The AAAS Science & Technology Policy Fellowships (STPF) is the premier opportunity for outstanding scientists and engineers to learn first-hand about public policy while contributing valuable knowledge and analytical skills to address today’s most pressing societal challenges. STPF fosters a network of STEM leaders who understand government and policymaking. Fellows gain invaluable knowledge of and experience with processes and priorities that drive public policy as well as a holistic understanding of our nation’s scientific enterprise.
Join us on May 30 at 2 p.m. ET for the first of a six-part live chat series with current and alumni fellows. Learn how fellows have been impacting science policy for 46 years. Ask questions to find out Why You? Why Now? Why STPF?
View the full chat schedule here.
The AAAS S&T Policy Fellowships are open to U.S. citizens who hold doctoral level degrees in any of the following:
- Medical and Health sciences.
- Biological, Physical or Earth sciences.
- Social and Behavioral Sciences.
- Computational sciences and Mathematics.
- Engineering disciplines (applicants with an M.S. in engineering and three years of professional experience also qualify).
The application deadline is November 1.
Jessica Soule, STPF Director of Recruitment, Marketing & Alumni Engagement
Emily Brooks, 2018-19 Executive Branch Fellow, National Park Service
Dr. Brooks is an ethnographer and environmental social scientist, with a focus on water scarcity, climate change, and environmental justice from a community-scale perspective. She currently works with the National Park Service Climate Change Response Program, where she pursues her commitments to public service through social science, and advancing equity-minded environmental policy. Dr. Brooks received her Ph.D. in Anthropology with a Specialization in Anthropologies of Science, Technology, and Medicine from the University of California, Irvine.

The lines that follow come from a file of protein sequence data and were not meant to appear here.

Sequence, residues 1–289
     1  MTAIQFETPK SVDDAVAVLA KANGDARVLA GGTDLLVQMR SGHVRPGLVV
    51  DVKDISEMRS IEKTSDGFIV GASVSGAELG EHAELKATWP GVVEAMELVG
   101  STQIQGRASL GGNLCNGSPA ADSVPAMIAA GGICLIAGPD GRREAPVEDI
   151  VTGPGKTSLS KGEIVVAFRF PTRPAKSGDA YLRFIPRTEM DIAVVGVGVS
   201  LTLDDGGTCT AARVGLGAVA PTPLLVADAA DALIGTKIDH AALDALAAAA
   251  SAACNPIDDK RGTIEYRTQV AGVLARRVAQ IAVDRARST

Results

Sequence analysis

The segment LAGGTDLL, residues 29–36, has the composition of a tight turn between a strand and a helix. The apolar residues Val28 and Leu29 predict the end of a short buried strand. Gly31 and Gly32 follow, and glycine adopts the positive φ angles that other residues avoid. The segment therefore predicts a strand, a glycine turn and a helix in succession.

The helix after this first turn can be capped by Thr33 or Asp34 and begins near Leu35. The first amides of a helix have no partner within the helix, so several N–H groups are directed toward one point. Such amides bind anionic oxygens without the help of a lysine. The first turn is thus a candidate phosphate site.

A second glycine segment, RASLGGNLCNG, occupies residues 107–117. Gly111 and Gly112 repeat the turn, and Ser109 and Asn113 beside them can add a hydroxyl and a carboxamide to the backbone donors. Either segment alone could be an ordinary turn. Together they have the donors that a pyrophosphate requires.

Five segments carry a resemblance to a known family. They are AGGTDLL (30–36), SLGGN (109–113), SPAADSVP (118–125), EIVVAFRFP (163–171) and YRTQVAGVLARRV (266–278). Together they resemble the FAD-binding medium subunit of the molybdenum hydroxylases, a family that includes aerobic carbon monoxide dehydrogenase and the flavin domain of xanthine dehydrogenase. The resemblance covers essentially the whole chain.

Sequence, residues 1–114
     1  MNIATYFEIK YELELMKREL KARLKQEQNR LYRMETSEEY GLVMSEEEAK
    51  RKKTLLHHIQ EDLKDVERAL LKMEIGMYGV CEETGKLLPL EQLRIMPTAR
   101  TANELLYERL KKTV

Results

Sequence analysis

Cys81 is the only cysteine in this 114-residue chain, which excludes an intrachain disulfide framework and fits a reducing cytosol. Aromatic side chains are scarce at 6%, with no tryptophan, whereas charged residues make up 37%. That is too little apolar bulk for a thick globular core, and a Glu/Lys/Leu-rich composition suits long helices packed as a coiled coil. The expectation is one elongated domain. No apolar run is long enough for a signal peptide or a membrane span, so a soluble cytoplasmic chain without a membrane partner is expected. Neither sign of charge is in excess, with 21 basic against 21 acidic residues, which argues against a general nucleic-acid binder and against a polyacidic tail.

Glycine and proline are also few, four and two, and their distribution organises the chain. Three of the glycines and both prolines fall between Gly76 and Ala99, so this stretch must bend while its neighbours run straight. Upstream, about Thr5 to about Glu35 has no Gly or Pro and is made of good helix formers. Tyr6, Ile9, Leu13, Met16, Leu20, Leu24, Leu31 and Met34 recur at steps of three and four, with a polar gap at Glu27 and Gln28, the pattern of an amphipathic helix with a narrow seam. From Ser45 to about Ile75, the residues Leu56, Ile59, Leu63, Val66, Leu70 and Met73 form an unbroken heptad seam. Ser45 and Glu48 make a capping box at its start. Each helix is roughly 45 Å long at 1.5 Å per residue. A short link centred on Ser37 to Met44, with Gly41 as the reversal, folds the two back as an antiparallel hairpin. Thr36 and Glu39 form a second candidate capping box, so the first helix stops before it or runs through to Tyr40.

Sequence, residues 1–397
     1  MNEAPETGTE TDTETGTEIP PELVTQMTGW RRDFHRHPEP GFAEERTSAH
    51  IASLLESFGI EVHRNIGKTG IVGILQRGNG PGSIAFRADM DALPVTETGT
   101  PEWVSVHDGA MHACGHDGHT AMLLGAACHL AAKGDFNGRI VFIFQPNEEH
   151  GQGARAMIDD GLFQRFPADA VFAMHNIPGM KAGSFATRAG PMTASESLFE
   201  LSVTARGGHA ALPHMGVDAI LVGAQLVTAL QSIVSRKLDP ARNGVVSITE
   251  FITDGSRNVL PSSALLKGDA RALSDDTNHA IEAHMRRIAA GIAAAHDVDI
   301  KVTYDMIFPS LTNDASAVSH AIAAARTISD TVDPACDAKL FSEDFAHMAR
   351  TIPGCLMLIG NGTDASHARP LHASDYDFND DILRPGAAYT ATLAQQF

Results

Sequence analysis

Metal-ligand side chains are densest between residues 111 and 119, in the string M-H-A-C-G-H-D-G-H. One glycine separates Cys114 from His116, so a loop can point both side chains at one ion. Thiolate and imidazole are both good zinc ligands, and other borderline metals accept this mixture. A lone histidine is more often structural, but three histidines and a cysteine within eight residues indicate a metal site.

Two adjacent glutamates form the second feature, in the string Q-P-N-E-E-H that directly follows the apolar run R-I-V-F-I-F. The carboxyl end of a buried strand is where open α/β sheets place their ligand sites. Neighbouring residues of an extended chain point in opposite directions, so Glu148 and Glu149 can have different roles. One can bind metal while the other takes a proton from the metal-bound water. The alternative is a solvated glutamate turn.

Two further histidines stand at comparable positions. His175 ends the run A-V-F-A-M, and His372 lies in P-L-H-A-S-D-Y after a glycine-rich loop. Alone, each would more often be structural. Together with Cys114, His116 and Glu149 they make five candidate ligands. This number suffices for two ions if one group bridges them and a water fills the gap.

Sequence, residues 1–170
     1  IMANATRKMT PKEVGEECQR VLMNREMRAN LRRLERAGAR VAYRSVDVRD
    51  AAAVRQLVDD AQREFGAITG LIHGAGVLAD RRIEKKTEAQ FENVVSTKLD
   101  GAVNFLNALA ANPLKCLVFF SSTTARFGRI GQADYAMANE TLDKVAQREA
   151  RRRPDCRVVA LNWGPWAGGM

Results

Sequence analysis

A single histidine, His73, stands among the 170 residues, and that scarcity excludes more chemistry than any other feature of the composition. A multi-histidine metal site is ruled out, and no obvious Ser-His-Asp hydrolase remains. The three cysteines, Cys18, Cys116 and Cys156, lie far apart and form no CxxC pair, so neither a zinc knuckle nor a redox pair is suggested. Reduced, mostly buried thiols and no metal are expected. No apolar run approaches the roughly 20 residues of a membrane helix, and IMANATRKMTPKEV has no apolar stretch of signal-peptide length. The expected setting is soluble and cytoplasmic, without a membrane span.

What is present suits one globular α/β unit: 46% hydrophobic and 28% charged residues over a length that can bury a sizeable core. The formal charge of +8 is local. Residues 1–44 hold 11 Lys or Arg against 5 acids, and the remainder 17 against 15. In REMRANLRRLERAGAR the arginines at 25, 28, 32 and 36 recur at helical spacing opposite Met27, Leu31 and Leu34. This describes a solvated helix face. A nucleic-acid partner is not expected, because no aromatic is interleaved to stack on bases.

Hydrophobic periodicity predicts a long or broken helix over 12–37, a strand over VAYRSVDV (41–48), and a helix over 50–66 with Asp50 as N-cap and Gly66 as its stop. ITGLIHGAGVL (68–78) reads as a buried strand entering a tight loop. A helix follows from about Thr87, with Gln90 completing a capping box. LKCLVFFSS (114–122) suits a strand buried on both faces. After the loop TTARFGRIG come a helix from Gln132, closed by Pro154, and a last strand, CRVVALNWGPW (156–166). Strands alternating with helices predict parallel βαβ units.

Travis Kent, 2018-19 Executive Branch Fellow, National Institutes of Health
D. Kent was born and raised in Boise, ID before moving to Pullman, WA for school at Washington State University. He started working in the laboratory of Dr. Michael Griswold as a freshman undergraduate in 2009 working on the consequences of aberrant regulation of vitamin A metabolism on the production of sperm. He continued his work in Dr. Griswold’s laboratory in graduate school and earned his PhD in 2015. Dr. Kent then moved to The Jackson Laboratory and begin working with Dr. Mary Ann Handel on the role of testosterone in the completion of male meiosis. Having had an interest in public policy, he applied and was accepted to the AAAS Science and Technology Policy Fellowships and was placed in the Fertility and Infertility Branch and Contraceptive Research Branch of the Division of Extramural Research at the Eunice Kennedy Shriver National Institute of Child Health and Human Disease.
LaKisha Odom, 2013-15 Executive Branch Fellow, U.S. Department of Agriculture
Dr. Odom joined the Foundation for Food and Agriculture Research (FFAR) in September 2016 as a Scientific Program Director to pursue her commitment to promoting the use of innovative science and interdisciplinary thinking to tackle today’s complex challenges in food and agriculture. She is also extremely committed to cultivating increased diversity in a new generation of food and agriculture scientists. At FFAR, Dr. Odom spearheads scientific direction of the Healthy Soils, Thriving Farms challenge area and manages a portfolio of projects that address issues in soil health, water scarcity, plant efficiency, ecosystem services, and developing the next generation of food and agricultural scientists. Dr. Odom received her B.S. in Environmental Science from Tuskegee University, her M.A. in Environmental Resource Policy from The George Washington University and her Ph.D. in Integrative Biosciences from Tuskegee University.